As a graphic design studio in Newcastle we always take note of what’s happening in the wider design world. Lots can happen in just one short week so here’s a quick roundup of some of the bigger stories we’ve followed from the past seven days.
Use our quick links to read about:Starbucks ends #RaceTogether / Brand Relationships / Go Set A Watchman cover
It’s unlikely this could really have ended any other way. The controversial #RaceTogether campaign launched by Starbucks last week has been ‘completed’. It follows a week of unbridled criticism and ridicule, both online and in the press. CEO Howard Schultz maintains that the scheme hasn’t been cut short by the negative reaction but was always going to end on 22nd March.
The idea behind the campaign – to have baristas write #RaceTogether on takeaway drinks cups in order to stimulate conversation about racial issues in the US – was immediately mauled by social media and attracted broadly unfavourable commentaries in worldwide press. Although Schultz’s motivation can be seen as admirable, most saw the move as wildly naive and in many cases, inappropriate. Many people were irked simply by the idea of a global coffee brand attempting to weigh in on such a sensitive issue. Some also pointed out the hypocrisy of such a stance from a company where 16 out of their 19 executives are white and that only pays $7.62 hourly wage to its employee base, of which 40% are classed as from ethnic minority groups.
Despite the skepticism and criticism, and despite Schultz declaring the coffee cup writing campaign complete, this is apparently just the first phase of Starbucks continuing efforts to create discourse about race relations. Schultz intends to leverage the Starbucks brand to create a much broader and longer term conversation including opening new stores in urban communities, hiring 10,000 ‘opportunity youth’ employees over the next three years and expanding its full-page newspaper advertising.
Many global brands have committed their names to the Product Red movement to combat AIDS, which is a great example of how a company can proactively use their public identity to address humanitarian issues. But the Starbucks’ RaceTogether campaign feels forced and awkward and, however well-intentioned, unlikely to positively affect either the company or the cause.
New research by Hey Human has revealed a different perspective on the way in which consumers interact with brands. The concept looks at likening our relationships with brands to our real life relationships and indicates that modern consumer engagement is more akin to Tinder than Mills and Boon. Most brands would like to believe that they cultivate loyalty and fidelity from their customers, but the research reveals a wide range of different relationship levels, from ‘committed partnerships’ to ‘marriages of convenience’.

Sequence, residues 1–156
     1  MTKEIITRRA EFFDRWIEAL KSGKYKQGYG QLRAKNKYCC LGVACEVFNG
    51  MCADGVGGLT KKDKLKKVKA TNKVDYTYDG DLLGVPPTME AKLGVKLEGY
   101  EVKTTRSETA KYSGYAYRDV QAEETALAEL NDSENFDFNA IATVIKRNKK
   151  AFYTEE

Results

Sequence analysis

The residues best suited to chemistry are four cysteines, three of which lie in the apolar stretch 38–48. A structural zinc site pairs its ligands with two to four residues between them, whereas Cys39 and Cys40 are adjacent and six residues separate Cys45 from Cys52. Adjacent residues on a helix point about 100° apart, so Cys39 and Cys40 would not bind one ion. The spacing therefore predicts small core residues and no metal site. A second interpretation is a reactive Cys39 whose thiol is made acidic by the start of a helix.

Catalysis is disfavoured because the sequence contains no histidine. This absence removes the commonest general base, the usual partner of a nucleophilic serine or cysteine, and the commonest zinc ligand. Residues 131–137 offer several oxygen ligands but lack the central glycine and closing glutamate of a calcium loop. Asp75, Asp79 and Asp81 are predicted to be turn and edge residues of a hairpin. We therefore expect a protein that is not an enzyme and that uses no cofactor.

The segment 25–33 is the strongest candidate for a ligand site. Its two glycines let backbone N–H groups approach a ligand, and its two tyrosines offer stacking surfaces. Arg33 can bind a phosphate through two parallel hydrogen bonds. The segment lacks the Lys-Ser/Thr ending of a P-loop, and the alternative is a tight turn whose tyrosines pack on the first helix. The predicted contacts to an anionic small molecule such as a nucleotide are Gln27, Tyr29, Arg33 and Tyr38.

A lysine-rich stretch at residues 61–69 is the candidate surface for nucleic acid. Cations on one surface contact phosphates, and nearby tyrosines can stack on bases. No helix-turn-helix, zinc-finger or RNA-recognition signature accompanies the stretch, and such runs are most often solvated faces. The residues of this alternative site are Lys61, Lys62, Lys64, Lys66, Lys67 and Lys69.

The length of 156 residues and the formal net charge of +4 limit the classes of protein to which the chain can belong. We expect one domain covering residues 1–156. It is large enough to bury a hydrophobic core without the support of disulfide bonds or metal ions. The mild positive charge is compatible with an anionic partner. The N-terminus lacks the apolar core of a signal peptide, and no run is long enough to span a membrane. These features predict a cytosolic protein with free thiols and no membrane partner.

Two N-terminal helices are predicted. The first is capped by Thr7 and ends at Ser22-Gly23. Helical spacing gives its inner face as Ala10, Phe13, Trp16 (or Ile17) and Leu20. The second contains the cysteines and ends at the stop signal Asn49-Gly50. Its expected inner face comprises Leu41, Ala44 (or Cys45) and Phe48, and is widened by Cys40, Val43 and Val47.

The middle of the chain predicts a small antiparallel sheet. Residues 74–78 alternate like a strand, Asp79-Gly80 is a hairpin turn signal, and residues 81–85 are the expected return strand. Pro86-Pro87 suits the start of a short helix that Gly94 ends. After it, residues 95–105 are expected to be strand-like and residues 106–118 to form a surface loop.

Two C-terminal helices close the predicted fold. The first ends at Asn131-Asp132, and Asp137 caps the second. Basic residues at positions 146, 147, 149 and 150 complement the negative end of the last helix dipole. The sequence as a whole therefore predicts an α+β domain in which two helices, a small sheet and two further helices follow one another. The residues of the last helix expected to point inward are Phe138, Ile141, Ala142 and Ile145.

There is a humorous element to this but also an intuitive understanding of the outcomes. For instance, 60% of those surveyed said they had a ‘secret fling’ with McDonalds and most said that British Airways was a ‘distant lover’ (loved but not bought). Apple elicited genuine brand love with many viewing the brand as a ‘best friend’. And, perhaps unsurprisingly, most described financial services firms and mobile phone operators as either ‘enslavements’ or ‘marriages of convenience’.
The research gives an interesting insight into the reality of brand loyalty. Most mobile operators would believe that they engender fidelity from their customers and that that equates to brand love. But the research reveals consumer mistrust and resentment despite their long term interaction. The thrust behind the research is that the pursuit of brand love is too simplistic and that companies need to understand the relationship with their consumer base better than just in black and white terms. Hey Human identified 14 different relationship types in its study. Better understanding which type of relationship a brand has with its consumers could be the first step to either maintaining that interaction, or changing it for the better.
When it was announced at the beginning of February that a sequel to Harper Lee’s classic novel ‘To Kill A Mockingbird’ would be released later this year there were equal amounts of excitement and skepticism. Mockingbird is the only novel that Lee has had published and she has stated throughout her life that she would not release another book. Despite the criticisms of her being railroaded or manipulated into releasing the sequel, ‘Go Set A Watchman’, the book is still eagerly anticipated and the publisher, William Heinemann is capitalising on that.
This week, the cover design for the UK version of the book was unveiled. It is a simple cover in stark orange with a black silhouetted bird on a branch. Giving nothing away about the story itself, there are obvious strong overtones of the original novel. A ‘From the author of…’ tagline is a common feature of book cover designs. But the manner in which this element is integrated into the design here is smart and subtle, the Mockingbird title cleverly forming the shadows of the Watchman letters (however, some have not taken this too well). It alludes to the large cultural shadow that the original, now classic novel casts over this sequel. With the title of the original being so visual, it probably wasn’t necessary to also include a literal mockingbird on a branch, but that part of the illustration is still nicely executed and not overly prominent.
The new cover is being used as a broader visual identity for the book with the orange colour, textured background and main design featuring heavily on Facebook, Twitter, Tumblr and Instagram accounts. Even without the controversy, this is a big book launch and the cover is a fitting design.